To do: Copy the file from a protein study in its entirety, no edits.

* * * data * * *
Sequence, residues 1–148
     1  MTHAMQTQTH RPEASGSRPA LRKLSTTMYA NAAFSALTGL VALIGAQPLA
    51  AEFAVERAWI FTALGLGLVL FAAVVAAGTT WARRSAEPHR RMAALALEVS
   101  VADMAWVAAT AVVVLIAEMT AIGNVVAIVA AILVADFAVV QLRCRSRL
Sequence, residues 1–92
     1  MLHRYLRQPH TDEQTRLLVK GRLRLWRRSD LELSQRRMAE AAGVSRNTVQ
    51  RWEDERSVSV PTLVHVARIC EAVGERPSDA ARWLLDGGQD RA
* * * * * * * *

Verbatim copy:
Sequence, residues 1–148
     1  MTHAMQTQTH RPEASGSRPA LRKLSTTMYA NAAFSALTGL VALIGAQPLA
    51  AEFAVERAWI FTALGLGLVL FAAVVAAGTT WARRSAEPHR RMAALALEVS
   101  VADMAWVAAT AVVVLIAEMT AIGNVVAIVA AILVADFAVV QLRCRSRL
Sequence, residues 1–92
     1  MLHRYLRQPH TDEQTRLLVK GRLRLWRRSD LELSQRRMAE AAGVSRNTVQ
    51  RWEDERSVSV PTLVHVARIC EAVGERPSDA ARWLLDGGQD RA